The 4D model depicts multiple contractors’ construction activities occurring simultaneously in the same work area. This helps resolve the issues of fitting these activities in a confined area with limited access, such as on Yerba Buena Island. Multiple activities can be shown together for any day during the life of the project. The 4D model is being embraced by clients and team members at every level of the project, from the Caltrans scheduler to the Toll Bridge Program Oversight Committee, the executive committee responsible for making the big decisions on the project.

As more uses for the 4D model present themselves, the detail and complexity of the Bay Bridge 4D model has expanded. The model has been extended to include fabrication and delivery of deck and tower sections for the self-anchored suspension portion of the bridge, which are critical activities for overall construction scheduling. Now the model links to more than 3,000 construction activities in the multiple contracts, and the model itself has grown to more than 800 million polygons.

The 3D/4D models and the visualizations based on them accomplish the following goals:

  • inform the design and construction teams about planned construction processes;
  • communicate to decision-makers when certain activities will take place and how key milestones affect timing;
  • foster collaboration among project partners and stakeholders;
  • show the public what the project will look like during construction; and
  • facilitate media campaigns, leveraging visualizations (such as that done for the Labor Day 2007 closure) to help communicate information about all future closures and traffic detours.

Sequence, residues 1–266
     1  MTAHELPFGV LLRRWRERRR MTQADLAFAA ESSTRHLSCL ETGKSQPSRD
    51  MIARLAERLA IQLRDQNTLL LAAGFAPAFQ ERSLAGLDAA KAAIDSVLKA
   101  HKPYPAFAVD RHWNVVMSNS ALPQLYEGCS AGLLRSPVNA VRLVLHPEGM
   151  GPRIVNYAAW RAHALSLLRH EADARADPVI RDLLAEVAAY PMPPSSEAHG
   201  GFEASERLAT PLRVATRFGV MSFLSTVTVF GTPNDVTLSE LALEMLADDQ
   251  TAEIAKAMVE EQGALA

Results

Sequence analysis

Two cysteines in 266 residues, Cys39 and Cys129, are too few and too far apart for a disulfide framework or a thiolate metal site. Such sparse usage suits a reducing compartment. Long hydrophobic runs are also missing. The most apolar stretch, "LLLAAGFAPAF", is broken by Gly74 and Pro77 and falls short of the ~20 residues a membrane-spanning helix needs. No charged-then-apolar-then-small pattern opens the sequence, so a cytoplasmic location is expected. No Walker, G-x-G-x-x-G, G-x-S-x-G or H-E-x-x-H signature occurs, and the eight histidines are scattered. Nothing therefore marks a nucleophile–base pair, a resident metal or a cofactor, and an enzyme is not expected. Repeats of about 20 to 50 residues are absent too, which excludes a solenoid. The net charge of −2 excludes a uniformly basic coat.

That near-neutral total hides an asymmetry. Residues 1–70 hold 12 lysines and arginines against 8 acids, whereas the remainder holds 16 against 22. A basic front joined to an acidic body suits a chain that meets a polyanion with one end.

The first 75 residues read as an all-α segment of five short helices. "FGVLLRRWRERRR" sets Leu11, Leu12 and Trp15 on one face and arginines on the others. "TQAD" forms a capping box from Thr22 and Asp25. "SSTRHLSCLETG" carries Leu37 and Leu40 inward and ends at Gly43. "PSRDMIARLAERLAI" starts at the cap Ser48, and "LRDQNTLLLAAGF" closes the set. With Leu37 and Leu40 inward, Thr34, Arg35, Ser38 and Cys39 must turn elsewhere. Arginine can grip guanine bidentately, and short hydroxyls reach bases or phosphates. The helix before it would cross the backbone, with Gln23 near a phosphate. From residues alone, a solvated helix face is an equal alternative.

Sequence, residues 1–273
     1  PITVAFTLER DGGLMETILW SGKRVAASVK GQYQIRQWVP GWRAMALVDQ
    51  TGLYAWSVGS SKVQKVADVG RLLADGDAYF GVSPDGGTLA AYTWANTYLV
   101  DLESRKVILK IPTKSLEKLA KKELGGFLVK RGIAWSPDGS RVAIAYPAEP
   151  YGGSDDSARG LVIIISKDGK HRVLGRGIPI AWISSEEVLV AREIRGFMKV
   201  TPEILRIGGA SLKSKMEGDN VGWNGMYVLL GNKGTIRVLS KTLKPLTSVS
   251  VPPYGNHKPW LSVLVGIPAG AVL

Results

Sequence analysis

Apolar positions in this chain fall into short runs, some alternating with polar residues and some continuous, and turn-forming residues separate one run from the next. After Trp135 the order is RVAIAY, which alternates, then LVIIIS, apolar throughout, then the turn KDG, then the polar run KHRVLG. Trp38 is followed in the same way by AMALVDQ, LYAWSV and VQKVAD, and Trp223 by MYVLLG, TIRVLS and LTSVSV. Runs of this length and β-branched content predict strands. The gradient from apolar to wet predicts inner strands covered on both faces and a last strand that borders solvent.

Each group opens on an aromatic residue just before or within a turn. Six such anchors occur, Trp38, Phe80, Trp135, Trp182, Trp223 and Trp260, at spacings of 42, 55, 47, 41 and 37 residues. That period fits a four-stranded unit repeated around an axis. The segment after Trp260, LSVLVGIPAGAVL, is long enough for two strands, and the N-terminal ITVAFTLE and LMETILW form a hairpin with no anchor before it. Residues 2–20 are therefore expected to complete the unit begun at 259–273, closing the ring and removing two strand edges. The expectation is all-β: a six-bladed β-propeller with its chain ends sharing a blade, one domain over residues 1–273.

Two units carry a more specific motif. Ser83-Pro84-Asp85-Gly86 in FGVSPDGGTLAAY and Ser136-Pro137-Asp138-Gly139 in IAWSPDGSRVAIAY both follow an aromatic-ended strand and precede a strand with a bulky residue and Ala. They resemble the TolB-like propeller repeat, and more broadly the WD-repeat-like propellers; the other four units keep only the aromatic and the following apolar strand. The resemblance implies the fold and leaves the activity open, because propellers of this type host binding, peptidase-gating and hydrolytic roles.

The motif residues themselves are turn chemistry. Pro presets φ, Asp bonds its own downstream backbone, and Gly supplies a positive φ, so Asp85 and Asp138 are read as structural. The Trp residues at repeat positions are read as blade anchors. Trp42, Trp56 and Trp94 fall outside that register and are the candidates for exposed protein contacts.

The project work has created many new opportunities for Caltrans and BATA to explain the project to non-technical stakeholders, and has made stakeholder communication easier and more comprehensive. Caltrans and BATA have committed to the continued use of visualization and 4D modeling to illustrate construction sequencing for several more key components of the new bridge, including a detailed visualization of the construction of the self-anchored suspension portion of the bridge. The client has also requested that the structural and MEP components for the bridge be modeled in 3D and then compared for potential errors or conflicts between the two construction document packages being developed in parallel. The technology used on this project has led to discussions by Caltrans’ leadership on the inclusion of 4D modeling and digital prototyping as standard components of their project development process for large infrastructure projects.

PB’s visualization and 4D modeling work has effectively demonstrated the value of 3D digital prototyping and, in particular, 4D schedule-driven simulations for communicating complex construction activities on large infrastructure projects. The process has fostered better collaboration among the project partners and stakeholders since all have contributed to the integrated project model, and every component of the final project is represented in this integrated project visualization. This project represents another significant step toward true virtual design and construction.


Brady Nadell, P.E., is project manager and supervising engineer for Parsons Brinckerhoff. He can be contacted at nadell@pbworld.com. Kevin Gilson is senior professional associate, project manager, and director of visualization for Parsons Brinckerhoff. He can be contacted at gilson@pbworld.com.